The Gears of Impact

post by TurnTrout · 2019-10-07T14:44:51.212Z · score: 43 (15 votes) · LW · GW · 5 comments

Scheduling: The remainder of the sequence will be released after some delay.

Exercise: Why does instrumental convergence happen? Would it be coherent to imagine a reality without it?

Notes

5 comments

Comments sorted by top scores.

comment by adamShimi · 2020-03-06T13:11:32.033Z · score: 4 (2 votes) · LW(p) · GW(p)

I don't get why the client AU from the perspective of the robber doesn't drop when the robber enters, or just before? Because even if I'm the robber and I know they won't like it and won't be able to do things after I'm in, they can still do things in the bank before I'm in. And if they're out before I come in, their AU will be the same than if I was never there.

comment by TurnTrout · 2020-03-06T14:44:57.078Z · score: 2 (1 votes) · LW(p) · GW(p)

I guess I implicitly imagined the robber could predict the clients with fairly high accuracy. What you described is also plausible.

comment by G Gordon Worley III (gworley) · 2019-10-16T02:12:20.570Z · score: 4 (2 votes) · LW(p) · GW(p)

The way you presented AU here makes me think of it in terms of "attachment", as in the way we tend to get attached to outcomes that haven't happened yet but that we expect to and then can be surprised in good and bad ways when the outcomes are better or worse than we expected. In this way impact seems tied in with our capacity to expect to see what we expect to see (meta-expectations?), e.g. I 100% expect a 40% chance of X and a 60% chance of Y happening. That 100% meta-expectation creates a kind of attachment that doesn't leave any room for being wrong, and so just seeing something happen in a way that makes you want to update your object level expectations of X and Y after the fact seems to create a sense of impact.

comment by JohnBuridan · 2020-04-30T15:13:50.510Z · score: 1 (1 votes) · LW(p) · GW(p)

You said, "Once promoted to your attention, you notice that the new plan isn't so much worse after all. The impact vanishes." Just to clarify, you mean that the negative impact of the original plan falling through vanishes, right?

When I think about the difference between value impact and objective impact, I keep getting confused.

Is money a type of AU? Money both functions as a resource for trading up (personal realization of goals) AND as a value itself (for example when it is an asset).

If this is the case, then any form of value based upon optionality violates the "No 'coulds' rule," doesn't it?

For example, imagine I have a choice between hosting a rationalist meetup and going on a long bike ride. There's a 50/50 chance of me doing either of those. Then something happens which removes one of those options (say a pandemic sweeps the country or something like that). If I'm interpreting this right, then the loss of the option has some personal impact, but zero objective impact.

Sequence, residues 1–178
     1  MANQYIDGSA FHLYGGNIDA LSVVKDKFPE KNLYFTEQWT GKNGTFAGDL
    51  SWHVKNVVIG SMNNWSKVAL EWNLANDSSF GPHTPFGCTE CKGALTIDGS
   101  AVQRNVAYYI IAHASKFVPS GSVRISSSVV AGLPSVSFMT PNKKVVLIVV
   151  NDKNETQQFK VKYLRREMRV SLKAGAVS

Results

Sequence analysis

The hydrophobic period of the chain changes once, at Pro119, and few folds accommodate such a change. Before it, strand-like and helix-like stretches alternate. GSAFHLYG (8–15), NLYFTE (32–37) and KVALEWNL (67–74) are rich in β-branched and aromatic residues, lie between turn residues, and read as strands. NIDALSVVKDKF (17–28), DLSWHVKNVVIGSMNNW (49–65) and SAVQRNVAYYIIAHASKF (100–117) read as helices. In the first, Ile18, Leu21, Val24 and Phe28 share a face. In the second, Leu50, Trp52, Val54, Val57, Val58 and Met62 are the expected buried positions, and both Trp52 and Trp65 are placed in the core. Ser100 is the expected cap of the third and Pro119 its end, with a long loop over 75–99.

Is that right?

Let's say an agent works in a low paying job that has a lot of positive impact for her clients - both by helping them attain their values and helping them increase resources for the world. Does the job have high objective impact and low personal impact? Is the agent in bad equilibrium when achievable objective impact mugs her of personal value realization?

Let's take your examples of sad person with (P, EU):

Mope and watch Netflix (.90, 1). Text ex (.06, -500). Work (.04, 10). If suddenly one of these options disappeared is that a big deal? Behind my question is the worry that we are missing something about impact being exploited by one of the two terms which compose it and about whether agents in this framework get stuck in strange equilibria because of the way probabilities change based on time.

Help would be appreciated.

comment by TurnTrout · 2020-04-30T20:39:19.311Z · score: 2 (1 votes) · LW(p) · GW(p)

Just to clarify, you mean that the negative impact of the original plan falling through vanishes, right?

Yes.

When I think about the difference between value impact and objective impact, I keep getting confused.

  • Value impact affects agents with goals very similar to yours (e.g. torture of humans on the faraway planet). Think of this as "narrow" impact.
  • Objective impact matters ~no matter what your goal. Therefore, getting rich is usually objectively impactful. Being unable to do a bunch of stuff because of a pandemic – objectively impactful.

There's a 50/50 chance of me doing either of those. Then something happens which removes one of those options (say a pandemic sweeps the country or something like that). If I'm interpreting this right, then the loss of the option has some personal impact, but zero objective impact.

Is that right?

Not quite – being confined is objectively impactful, and has some narrow value impact (not being able to see your family, perhaps).

Let's say an agent works in a low paying job that has a lot of positive impact for her clients - both by helping them attain their values and helping them increase resources for the world. Does the job have high objective impact and low personal impact? Is the agent in bad equilibrium when achievable objective impact mugs her of personal value realization?

Just because something has a positive objective impact on me doesn't mean I haven't been positively impacted. Value/objective is just a way of decomposing the total impact on an agent – they don't trade off against each other. For example, if something really good happens to Mary, she might think: "I got a raise (objective impact!) and Bob told me he likes me (value impact!). Both of these are great", and they are both great (for her)!